The best food and beer pairing for the evening in my opinion was the third course, where the smokey and savory flavors of the wild boar and Worcestershire sauce harmonized well with the bitter chocolate and smoky flavors of the Full Boar Scotch Ale. And while we appreciated California Cafe chef Bobby Logan's innovative use of ingredients to create layers of flavors in all of his dishes, we couldn't help wonder if the Devil's Canyon Root Beer, with it's complex sweetness derived with cane sugar, agave nectar, and local honey, would go better in a root beer float with good old vanilla ice cream, rather than the kitchen sink of ingredients in his ambitious take on the classic. No matter, it was pretty good anyway.
And so when as people get to know their local brewer, understand their commitment and care to the brewing craft, and taste the final product, is it at all surprising that the 1,500 craft brewery Davids in this country are slowly but surely taking market share away from the the few mega-brewing Goliaths? As an unrepentant capitalist, I'll say it again that well executed local businesses are a powerful economic forces. I just need to keep pestering those guys about putting Hades Habanero back in their line-up.
Friday, June 4, 2010
What a novel idea. Let's talk about Session beers this month. I consider a Session beer to be any beer around 5% alcohol by volume or less, and has a drinkable character to it so you can have two or three in a social atmosphere and still keep your wits about you, so to speak. I realize that's a little higher alcohol level than most Session beer definitions. That's because I attempt to keep a two beer a day limit when in training for a race, so try to get the most bang for the Session beer buck.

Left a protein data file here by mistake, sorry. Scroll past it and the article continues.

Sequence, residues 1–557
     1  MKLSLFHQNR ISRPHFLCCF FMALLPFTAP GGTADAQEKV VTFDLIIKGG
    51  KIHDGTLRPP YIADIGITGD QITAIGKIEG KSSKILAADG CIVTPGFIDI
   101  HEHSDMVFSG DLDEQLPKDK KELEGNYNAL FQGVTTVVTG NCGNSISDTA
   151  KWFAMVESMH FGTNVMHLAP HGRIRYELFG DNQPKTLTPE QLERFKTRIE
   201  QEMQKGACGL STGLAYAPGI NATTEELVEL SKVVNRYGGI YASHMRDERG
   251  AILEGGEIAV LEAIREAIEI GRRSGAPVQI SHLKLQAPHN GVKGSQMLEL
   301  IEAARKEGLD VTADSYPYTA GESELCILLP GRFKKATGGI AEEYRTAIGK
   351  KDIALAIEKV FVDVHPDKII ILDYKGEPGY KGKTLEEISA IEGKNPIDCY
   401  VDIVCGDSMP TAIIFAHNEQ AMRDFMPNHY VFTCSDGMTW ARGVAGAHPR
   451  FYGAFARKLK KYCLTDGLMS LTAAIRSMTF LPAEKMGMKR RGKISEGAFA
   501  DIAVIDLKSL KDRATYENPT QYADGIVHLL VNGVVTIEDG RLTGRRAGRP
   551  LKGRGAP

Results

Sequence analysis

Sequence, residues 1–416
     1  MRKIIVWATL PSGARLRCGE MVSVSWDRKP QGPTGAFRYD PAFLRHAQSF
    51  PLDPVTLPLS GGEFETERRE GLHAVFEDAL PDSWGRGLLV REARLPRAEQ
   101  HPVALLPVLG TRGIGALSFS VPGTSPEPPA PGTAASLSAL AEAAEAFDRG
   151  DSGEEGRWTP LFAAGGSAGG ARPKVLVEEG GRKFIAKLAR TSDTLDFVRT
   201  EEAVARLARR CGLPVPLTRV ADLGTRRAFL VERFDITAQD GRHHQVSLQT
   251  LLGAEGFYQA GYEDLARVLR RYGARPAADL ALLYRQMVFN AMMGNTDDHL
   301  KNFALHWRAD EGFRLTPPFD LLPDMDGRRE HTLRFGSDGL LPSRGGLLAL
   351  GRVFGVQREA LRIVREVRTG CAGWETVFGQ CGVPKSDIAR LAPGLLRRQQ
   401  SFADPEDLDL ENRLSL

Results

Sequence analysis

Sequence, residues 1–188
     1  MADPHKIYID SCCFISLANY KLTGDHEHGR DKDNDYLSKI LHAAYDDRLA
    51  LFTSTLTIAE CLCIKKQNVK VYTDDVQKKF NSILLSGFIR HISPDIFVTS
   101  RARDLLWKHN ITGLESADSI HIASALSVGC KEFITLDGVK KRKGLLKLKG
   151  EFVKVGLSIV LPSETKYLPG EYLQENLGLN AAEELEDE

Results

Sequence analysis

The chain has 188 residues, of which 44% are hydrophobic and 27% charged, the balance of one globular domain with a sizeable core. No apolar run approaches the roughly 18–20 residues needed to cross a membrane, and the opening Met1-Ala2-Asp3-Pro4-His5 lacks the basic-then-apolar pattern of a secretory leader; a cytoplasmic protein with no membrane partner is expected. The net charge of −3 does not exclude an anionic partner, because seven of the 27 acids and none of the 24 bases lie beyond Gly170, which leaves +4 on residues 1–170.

Good Session beer is like great background music during an evening out with friends, unlike going to the symphony or the mosh pit, where the music takes center stage . I'm so glad the Beer Blogging Session got around to this topic, since Session beers, by my definition, constitutes well over 95% of the beer consumed all over the world. OK, that includes a lot of industrial mega-brew the general craft brew community might question as "drinkable". But drinkability is really in the eyes of the beer holder.
So much of the beer blogosphere seems fixated on finding the latest collaboratively brewed, barrel aged quadruple IPA made with black current and licorice, and fermented with Belgian Ale yeast. Most of the world's population would rather drink something more simple, straightforward, and drinkable, which they can enjoy without thinking too hard about it, thank you very much.